Ceramic diffusers get dirty, koralias are better used to improve water flow and surface agitation, needle wheel pumps are very effective and inexpensive way to understand the flow rate you need when/if you decide to try a reactor later.
09-22-2010, 01:14 AM
Did you come across this thread in your searches?
You may have read TOO much lol It can be overwhelming the information overload...
Take your time and pick ONE method to learn about even if YOU don't end up using it. ASk some questions, think about how YOU would go about using/maintaining that type of configuration. Then move on to the next..That way you get a sense of the differences and pros/cons of each method.
I would research needle wheel first as this is very effective and simple to implement. Reactors are very common but maybe 'harder' to implement.
Diffusors disks are also easy to install but require frequent cleaning....
Please note also that a COMBINATION of methods may be required for success.. Just keep it in mind...
For your size tank, I would buy a Rio powerhead maybe a 200 series size, DIY the impeller to needle wheel (easy to do), and stick it in the tank. If you don't like the mist, you can at least understand what we all are talking about..
Experience is the key unfortunately. Keep at it and go SLOWLY with c02. C02 is a killer of fish and inverts if not used properly.
09-22-2010, 12:49 PM
Thanks for all your replies.
I would prefer to have as least equipment in my tank as possible, but it's sounding like the needle wheel diffuser is a good way to start. What are my other options externally?
Would i need 2 powewrheads to generate enough circulation for the CO2 mist?
Are rios easy to setup as a needle wheel?
09-24-2010, 12:37 AM
As far as I'm aware the only external options, i.e. 'inline', are a reactor or the UP-Aqua atomoizers (I think?).
If you use a sump you can drop pretty much anything into the sump thus keeping it out of the tank.
For your sized tank I'm pretty sure that a sinlge powerhead will do the trick.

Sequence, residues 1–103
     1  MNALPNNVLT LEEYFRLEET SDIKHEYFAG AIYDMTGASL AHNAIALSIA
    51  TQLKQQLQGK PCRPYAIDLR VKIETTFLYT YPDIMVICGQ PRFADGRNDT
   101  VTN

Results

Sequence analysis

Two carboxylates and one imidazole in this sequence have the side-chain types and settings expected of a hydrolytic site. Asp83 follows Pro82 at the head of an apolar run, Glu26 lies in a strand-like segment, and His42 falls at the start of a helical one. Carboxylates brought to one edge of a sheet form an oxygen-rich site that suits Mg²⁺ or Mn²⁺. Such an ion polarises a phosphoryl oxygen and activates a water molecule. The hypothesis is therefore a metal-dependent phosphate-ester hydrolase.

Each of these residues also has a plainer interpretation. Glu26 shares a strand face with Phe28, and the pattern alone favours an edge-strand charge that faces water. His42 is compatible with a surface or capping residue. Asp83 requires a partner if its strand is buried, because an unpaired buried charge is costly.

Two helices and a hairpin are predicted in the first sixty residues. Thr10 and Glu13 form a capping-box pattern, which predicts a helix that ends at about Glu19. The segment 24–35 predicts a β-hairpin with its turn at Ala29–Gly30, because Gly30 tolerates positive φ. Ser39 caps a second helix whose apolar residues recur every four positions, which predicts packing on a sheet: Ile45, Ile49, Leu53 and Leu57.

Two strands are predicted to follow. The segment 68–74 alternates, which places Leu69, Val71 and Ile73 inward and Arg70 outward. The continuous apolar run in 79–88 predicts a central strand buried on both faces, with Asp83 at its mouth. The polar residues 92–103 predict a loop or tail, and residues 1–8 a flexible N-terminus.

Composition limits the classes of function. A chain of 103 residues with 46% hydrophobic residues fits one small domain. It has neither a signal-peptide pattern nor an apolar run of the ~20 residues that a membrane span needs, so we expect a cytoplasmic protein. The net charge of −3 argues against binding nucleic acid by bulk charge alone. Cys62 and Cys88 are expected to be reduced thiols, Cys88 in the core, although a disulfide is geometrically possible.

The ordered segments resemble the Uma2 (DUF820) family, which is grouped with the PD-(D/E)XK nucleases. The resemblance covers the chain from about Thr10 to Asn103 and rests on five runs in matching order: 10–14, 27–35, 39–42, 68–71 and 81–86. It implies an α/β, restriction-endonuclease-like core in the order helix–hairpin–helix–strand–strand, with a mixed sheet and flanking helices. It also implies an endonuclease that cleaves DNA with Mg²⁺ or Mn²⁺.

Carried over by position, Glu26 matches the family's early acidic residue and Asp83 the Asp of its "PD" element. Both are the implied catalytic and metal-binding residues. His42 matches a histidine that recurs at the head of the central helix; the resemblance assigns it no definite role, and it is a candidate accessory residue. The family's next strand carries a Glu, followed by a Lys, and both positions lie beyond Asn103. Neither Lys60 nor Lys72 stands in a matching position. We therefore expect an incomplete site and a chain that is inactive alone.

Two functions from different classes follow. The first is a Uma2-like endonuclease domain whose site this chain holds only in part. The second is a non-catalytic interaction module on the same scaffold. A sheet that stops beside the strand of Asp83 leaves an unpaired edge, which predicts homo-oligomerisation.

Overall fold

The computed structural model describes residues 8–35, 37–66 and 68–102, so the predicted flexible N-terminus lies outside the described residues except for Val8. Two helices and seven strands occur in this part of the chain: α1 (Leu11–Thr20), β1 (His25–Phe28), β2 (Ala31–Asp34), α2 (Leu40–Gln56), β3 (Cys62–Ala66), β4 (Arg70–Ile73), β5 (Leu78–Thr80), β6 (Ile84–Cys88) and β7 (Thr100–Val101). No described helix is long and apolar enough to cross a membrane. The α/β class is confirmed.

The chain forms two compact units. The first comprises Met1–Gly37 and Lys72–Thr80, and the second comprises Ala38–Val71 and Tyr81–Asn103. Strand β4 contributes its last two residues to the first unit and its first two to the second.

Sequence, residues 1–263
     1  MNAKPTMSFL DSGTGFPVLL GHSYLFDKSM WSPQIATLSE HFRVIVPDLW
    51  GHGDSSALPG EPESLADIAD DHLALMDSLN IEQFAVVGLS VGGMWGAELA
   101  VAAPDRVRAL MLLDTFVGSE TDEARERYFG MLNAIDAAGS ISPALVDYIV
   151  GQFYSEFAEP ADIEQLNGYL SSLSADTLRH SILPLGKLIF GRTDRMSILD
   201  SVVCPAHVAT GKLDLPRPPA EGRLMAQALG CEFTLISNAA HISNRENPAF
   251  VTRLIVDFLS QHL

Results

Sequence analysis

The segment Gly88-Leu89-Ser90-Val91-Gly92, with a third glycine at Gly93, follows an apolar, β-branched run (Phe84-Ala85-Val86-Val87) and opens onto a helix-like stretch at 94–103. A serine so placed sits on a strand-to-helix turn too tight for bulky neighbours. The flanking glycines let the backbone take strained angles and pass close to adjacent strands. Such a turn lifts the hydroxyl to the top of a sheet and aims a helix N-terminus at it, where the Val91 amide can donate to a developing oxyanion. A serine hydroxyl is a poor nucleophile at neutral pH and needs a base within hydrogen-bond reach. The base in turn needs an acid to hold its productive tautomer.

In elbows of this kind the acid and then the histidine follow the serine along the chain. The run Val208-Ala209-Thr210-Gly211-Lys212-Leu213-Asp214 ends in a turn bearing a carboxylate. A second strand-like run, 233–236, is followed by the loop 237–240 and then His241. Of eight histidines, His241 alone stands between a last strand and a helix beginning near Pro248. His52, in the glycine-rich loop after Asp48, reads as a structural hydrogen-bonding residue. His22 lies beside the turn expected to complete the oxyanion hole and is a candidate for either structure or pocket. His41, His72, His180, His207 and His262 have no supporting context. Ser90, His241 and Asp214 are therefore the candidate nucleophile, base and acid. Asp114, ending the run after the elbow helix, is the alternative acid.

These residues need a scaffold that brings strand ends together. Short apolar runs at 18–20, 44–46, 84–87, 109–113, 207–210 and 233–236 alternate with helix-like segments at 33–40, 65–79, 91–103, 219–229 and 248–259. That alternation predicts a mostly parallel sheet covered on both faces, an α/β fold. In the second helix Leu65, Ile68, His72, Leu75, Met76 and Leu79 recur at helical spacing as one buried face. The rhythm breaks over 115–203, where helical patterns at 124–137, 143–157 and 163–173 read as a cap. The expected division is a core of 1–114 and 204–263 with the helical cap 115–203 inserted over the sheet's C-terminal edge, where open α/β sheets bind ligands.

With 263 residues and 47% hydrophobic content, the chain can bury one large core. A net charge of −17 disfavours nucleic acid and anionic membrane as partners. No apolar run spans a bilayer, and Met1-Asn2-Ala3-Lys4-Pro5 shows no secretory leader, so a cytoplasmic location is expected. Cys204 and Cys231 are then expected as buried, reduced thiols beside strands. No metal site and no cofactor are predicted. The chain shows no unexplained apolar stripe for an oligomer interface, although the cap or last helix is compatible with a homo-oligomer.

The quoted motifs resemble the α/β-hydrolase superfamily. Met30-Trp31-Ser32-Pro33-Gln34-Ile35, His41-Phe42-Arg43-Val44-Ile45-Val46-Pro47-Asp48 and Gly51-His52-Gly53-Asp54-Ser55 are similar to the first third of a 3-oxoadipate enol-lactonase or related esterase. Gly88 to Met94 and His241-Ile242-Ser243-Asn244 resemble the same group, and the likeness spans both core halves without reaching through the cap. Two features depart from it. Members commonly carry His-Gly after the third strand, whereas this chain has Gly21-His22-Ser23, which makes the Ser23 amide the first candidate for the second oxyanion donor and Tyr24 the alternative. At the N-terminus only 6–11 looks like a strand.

Tom has an article somewhere about setting up a Rio to do just what you want.... I think it's a 'sticky' thread in this forum...
09-24-2010, 07:22 AM
what kind of reactors does everyone use?
Are DIY reactors the most common type or are commercial reactors the most common?
Can you give me some examples of some reactors that might work well on my tank?
I'm interested in an inline reactor at some stage. But how do you actually achieve this with an eheim 2213?
If i decide to go with a needlewheel, do i just drill a hole in the top of the pump for the co2 inlet?
thanks i really appreciate all your feedback :)
09-24-2010, 08:22 AM
AM1000 would work ok on your size tank. Or you could DIY. Depends, it's your time + skill vs $$$.
It seems theres a fairly even share of DIY vs commerical.
Eheim 2213 - hmmm - I doubt that would push enough water through. I'd say use a dedicated pump of 2500lph+
No need to drill any holes, the powerhead will be sucking water in somewhere, just identify where that somewhere is and feed the CO2 hose in there.
09-25-2010, 12:53 PM
I'm interested in the AM 1000 reactors at some stage but i think i will start of with the needle wheel method.
I've read somewhere that i can have the needle wheel pump externally and the output of the pump connected to a spaybar inside the tank. But maybe i have misread one of the many threads, i have skimmed through.
Are the diy venturis effective, or is that too complicated and not as effective as the needle wheel pumps.
I'm also interested in how Tom Barr achieved nearly invisible bubbles of Co2 using the DIY needle wheel approach.
I was also wondering if the most effective way for chopping up the bubbles with the impeller of the pump, is cutting each arm in half and putting holes in each arm.
How would i attach a spray bar to the needle wheel pump in order to evenly distribute CO2 throughout the tank.
Lastly what size pump should i use that will be suitble for my current diy needlewheel needs and also suitable to power a AM1000 later on if i decide to get one?
Powered by vBulletin® Version 4.2.1 Copyright © 2013 vBulletin Solutions, Inc. All rights reserved.